Many animal lovers find gratification in supporting programs that help pets and pet owners in need, and several Colorado State programs achieve those goals through donor contributions.
The Pets Forever program, housed in the College of Veterinary Medicine and Biomedical Sciences, is a community service program seeking philanthropic support to become self-sustaining. Donations may be made through the program’s funding page.
The charitable program provides day-to-day care for the pets of low-income elderly people and people with disabilities in Larimer County. This pet care – including feeding, walking, grooming, clean-up and pet-related errands – helps homebound people keep cherished dogs and cats. Pets Forever clients benefit from the ongoing companionship and the health benefits derived from the human-animal bond.
Seniors, people with disabilities benefit
Without help with pet care, some low-income older and disabled people could be faced with relinquishing their pets.
“I have a hard time getting out and around, so it’s nice to have someone take Minnie on walks and groom her when she needs it,” said Lori Beldo, a client who relied on Pets Forever to help with her Chinese crested dog.
Pets Forever serves about 150 seniors and people with disabilities at any given time.
The program relies on volunteers, mainly students, who work with clients and their pets. Its annual budget is about $125,000, which covers a full-time salary, variable hourly wages, some veterinary care for pets, and program and office supplies.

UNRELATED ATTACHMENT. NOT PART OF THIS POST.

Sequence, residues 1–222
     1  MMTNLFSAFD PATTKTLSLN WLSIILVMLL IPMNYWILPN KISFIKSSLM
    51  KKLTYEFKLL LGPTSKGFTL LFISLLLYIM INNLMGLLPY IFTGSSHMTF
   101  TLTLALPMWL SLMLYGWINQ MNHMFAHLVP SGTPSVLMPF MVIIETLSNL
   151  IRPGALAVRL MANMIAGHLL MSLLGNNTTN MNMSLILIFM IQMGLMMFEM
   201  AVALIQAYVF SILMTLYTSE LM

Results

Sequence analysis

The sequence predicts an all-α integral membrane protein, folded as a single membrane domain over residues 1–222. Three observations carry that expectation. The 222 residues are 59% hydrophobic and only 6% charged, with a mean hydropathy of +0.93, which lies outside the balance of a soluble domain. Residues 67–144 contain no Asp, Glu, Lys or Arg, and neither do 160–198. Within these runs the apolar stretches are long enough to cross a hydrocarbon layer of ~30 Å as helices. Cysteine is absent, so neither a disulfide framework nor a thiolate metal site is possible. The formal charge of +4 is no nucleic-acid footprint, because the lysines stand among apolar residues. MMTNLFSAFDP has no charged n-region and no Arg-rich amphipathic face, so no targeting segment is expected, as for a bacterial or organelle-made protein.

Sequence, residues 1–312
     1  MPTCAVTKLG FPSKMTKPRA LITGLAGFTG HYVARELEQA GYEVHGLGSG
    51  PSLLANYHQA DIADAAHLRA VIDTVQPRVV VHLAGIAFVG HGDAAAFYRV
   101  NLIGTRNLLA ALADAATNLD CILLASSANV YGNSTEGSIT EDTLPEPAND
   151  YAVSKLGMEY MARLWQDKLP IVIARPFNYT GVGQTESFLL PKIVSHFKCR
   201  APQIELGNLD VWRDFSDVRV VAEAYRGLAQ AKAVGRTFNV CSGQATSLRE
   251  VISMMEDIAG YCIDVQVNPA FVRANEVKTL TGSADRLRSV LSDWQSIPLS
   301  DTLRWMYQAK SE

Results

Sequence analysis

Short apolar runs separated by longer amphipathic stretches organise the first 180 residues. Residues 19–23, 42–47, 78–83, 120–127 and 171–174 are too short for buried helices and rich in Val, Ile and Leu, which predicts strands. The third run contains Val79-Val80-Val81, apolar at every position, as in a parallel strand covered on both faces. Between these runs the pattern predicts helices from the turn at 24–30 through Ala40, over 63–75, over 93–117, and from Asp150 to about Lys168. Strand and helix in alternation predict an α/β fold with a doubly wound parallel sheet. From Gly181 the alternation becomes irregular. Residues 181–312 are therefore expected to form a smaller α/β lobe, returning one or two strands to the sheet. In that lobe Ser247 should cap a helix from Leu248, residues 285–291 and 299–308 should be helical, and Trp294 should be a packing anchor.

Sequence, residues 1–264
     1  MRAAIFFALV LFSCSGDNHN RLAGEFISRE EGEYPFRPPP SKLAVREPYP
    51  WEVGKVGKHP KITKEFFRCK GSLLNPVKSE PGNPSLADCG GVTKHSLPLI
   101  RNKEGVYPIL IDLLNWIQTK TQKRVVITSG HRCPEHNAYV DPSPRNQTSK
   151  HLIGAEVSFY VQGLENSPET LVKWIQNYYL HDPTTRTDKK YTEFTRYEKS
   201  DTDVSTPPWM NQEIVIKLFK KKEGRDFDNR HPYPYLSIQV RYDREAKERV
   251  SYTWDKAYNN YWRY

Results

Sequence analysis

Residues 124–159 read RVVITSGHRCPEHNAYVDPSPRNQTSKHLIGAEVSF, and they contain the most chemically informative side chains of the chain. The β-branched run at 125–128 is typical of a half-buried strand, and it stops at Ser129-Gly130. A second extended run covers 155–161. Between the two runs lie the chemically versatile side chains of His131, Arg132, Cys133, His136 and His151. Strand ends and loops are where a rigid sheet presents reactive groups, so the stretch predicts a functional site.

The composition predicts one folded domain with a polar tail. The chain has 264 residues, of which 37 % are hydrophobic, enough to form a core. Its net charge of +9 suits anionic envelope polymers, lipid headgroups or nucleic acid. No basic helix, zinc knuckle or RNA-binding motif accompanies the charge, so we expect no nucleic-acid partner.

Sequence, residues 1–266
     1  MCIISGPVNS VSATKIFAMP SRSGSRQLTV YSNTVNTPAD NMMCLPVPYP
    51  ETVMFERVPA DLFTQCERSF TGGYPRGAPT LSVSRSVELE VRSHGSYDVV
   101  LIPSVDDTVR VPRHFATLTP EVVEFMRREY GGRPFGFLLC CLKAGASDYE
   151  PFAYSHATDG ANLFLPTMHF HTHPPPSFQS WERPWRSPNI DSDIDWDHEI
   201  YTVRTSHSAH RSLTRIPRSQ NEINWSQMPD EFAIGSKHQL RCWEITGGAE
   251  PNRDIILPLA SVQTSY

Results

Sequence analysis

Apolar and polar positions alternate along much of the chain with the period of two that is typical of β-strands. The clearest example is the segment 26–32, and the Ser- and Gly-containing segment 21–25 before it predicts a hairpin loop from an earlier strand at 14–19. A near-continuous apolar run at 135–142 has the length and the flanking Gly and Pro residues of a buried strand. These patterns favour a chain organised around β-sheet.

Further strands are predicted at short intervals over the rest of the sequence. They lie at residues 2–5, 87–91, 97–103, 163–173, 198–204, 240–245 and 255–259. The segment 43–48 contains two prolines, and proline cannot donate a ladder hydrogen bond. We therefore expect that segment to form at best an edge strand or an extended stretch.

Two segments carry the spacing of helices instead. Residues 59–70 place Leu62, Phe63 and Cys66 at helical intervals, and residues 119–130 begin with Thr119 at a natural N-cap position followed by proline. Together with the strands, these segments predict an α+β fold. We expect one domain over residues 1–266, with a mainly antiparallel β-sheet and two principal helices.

The college has covered costs of the charitable program; Pets Forever, which began in 2009, is now seeking philanthropic support to ensure sustainability for many years to come.
Other programs supporting vet care
The college is home to five other programs that support veterinary care for shelter animals and the pets of low-income families. All of these charitable programs rely on donations. The programs are:
- Companion Care, providing financial assistance to low-income community members who need help paying for lifesaving or emergency procedures at the James L. Voss Veterinary Teaching Hospital.
- Ella’s Fund, providing lifesaving care for animals at the Veterinary Teaching Hospital. In return, pet owners pay it forward by volunteering at local animal welfare organizations.
- Friends of Nan Bush and Palomino, providing limited assistance to families who have exhausted all other resources to pay for cancer treatments for their pets.
- Jessy’s Leash of Love, providing grants of up to $1,000 to canine and feline cancer patients whose owners demonstrate a financial need.
- Naniboujou’s Legacy for Saving Animals in Shelters through Teaching (SAST), providing funding for the medical care of shelter animals so they may be successfully adopted.